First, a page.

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« Opportunity for Those Impacted by Economic Turndown | Main | Build Effective Relationships...with Everyone »

April 04, 2009

Comments

Pawel Brodzinski

Sometimes I think honesty is considered as a wrong behavior in business which is utterly wrong for me. I can hardly find a situation when telling the truth ended up wrong in the long run. Yet somehow we often get this weird looks when we decide to describe things exactly as they are, not as we'd like them to see.

Becki True

It sounds like you and I had a similar upbringing, so we were at a bit of a disadvantage as we had to overcome dysfunctional attitudes about honest conversation. We were raised to tell the truth, but not the truth about how we feel or what we think about others.

A good book about respectful honesty is The 5 Dysfunctions of a Team. It's a short, easy read, but covers this topic very well.

Ron Holohan, MBA PMP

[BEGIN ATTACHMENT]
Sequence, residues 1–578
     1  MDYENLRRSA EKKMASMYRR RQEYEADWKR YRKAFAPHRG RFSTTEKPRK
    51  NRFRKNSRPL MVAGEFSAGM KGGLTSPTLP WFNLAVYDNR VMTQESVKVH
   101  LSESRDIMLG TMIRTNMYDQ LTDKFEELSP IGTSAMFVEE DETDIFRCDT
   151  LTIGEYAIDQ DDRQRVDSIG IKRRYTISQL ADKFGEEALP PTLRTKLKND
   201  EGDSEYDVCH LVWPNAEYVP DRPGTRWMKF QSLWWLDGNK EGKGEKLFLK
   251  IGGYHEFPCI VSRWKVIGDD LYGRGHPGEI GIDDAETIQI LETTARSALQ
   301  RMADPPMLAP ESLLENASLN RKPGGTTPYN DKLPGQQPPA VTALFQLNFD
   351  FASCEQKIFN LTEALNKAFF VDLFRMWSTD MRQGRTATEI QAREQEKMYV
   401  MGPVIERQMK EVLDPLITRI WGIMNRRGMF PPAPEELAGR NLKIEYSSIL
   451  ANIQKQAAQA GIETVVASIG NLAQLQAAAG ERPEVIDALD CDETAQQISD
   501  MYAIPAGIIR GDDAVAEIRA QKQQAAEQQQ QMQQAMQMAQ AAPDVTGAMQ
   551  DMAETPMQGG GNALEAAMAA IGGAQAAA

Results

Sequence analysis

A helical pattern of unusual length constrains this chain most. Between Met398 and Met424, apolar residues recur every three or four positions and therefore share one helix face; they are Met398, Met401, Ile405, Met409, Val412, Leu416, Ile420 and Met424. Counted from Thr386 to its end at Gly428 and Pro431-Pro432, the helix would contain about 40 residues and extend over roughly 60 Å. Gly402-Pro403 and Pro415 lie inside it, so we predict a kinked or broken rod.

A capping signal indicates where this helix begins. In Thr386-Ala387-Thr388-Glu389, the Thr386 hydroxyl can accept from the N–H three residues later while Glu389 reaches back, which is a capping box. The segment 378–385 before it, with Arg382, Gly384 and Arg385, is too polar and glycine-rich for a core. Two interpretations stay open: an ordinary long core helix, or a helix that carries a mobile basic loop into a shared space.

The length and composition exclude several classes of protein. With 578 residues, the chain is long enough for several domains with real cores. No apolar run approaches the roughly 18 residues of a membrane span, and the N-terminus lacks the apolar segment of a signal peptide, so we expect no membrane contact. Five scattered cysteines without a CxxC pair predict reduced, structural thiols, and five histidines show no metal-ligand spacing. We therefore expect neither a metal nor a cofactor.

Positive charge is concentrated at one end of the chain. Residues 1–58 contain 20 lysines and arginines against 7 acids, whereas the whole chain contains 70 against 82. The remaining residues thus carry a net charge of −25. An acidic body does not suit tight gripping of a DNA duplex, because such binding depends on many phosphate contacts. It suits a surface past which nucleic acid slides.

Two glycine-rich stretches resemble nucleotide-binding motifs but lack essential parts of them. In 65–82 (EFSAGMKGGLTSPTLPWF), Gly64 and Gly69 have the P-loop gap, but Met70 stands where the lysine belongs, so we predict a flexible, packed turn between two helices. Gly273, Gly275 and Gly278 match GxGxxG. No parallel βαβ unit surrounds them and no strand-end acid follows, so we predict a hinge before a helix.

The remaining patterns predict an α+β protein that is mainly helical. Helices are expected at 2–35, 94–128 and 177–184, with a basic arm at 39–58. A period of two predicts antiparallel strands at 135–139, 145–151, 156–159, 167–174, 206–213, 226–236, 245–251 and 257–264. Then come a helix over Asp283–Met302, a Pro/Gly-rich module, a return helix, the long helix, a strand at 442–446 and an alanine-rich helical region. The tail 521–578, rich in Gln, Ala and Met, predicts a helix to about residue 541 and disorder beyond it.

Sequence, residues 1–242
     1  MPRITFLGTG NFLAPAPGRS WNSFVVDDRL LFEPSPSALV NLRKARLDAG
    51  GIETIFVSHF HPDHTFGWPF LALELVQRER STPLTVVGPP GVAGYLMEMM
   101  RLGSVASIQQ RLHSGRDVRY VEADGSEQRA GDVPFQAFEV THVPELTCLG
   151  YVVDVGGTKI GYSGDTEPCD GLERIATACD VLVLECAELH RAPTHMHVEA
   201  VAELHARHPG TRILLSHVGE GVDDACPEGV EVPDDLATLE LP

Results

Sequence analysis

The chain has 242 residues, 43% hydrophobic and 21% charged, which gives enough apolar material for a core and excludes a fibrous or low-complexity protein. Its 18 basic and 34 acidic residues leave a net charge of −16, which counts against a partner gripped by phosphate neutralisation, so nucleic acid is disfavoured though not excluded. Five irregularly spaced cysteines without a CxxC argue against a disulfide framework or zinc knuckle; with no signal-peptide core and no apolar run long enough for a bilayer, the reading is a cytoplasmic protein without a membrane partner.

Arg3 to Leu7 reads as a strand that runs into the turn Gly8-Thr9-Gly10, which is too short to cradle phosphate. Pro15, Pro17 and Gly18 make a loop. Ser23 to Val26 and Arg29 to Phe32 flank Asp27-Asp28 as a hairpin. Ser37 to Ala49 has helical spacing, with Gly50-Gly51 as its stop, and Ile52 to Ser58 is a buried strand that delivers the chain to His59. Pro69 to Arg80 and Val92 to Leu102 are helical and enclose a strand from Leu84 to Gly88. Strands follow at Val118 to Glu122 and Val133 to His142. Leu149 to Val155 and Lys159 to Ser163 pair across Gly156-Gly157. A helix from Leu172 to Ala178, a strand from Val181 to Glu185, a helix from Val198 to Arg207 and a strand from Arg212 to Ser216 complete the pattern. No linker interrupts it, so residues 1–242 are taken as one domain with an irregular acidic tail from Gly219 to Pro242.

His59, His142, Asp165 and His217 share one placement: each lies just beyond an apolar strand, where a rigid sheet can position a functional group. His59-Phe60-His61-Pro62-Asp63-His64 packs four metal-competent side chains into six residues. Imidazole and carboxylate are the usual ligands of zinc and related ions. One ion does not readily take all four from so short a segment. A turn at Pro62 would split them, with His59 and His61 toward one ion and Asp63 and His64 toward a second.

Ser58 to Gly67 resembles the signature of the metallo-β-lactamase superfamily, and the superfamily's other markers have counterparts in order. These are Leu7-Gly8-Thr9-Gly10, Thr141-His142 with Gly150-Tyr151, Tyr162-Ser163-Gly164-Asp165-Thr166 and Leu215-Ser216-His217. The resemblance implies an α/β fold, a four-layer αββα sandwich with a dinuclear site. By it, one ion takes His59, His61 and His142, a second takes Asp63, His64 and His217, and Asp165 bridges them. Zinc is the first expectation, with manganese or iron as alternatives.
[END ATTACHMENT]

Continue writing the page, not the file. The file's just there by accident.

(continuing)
I have found that communicating bad news can still be done truthfully by focusing on providing positive re-enforcement rather than stating it in negative terms. For example, if I needed to improve someone's consistency on providing project status, rather than focusing on their inability to provide their project status on a consistent basis I try to focus on those times when they have been consistent. So, my feedback may be something like this... "Joe, when you submit your project status on Monday mornings by 9am it allows me to communicate your project's health to my management more consistently. Thank you!" When I have provided this feedback, rather than state "I expect you to provide your status to me by Monday mornings at 9am and you haven't delivered," I find that the behavior is more likely to be modified appropriately.

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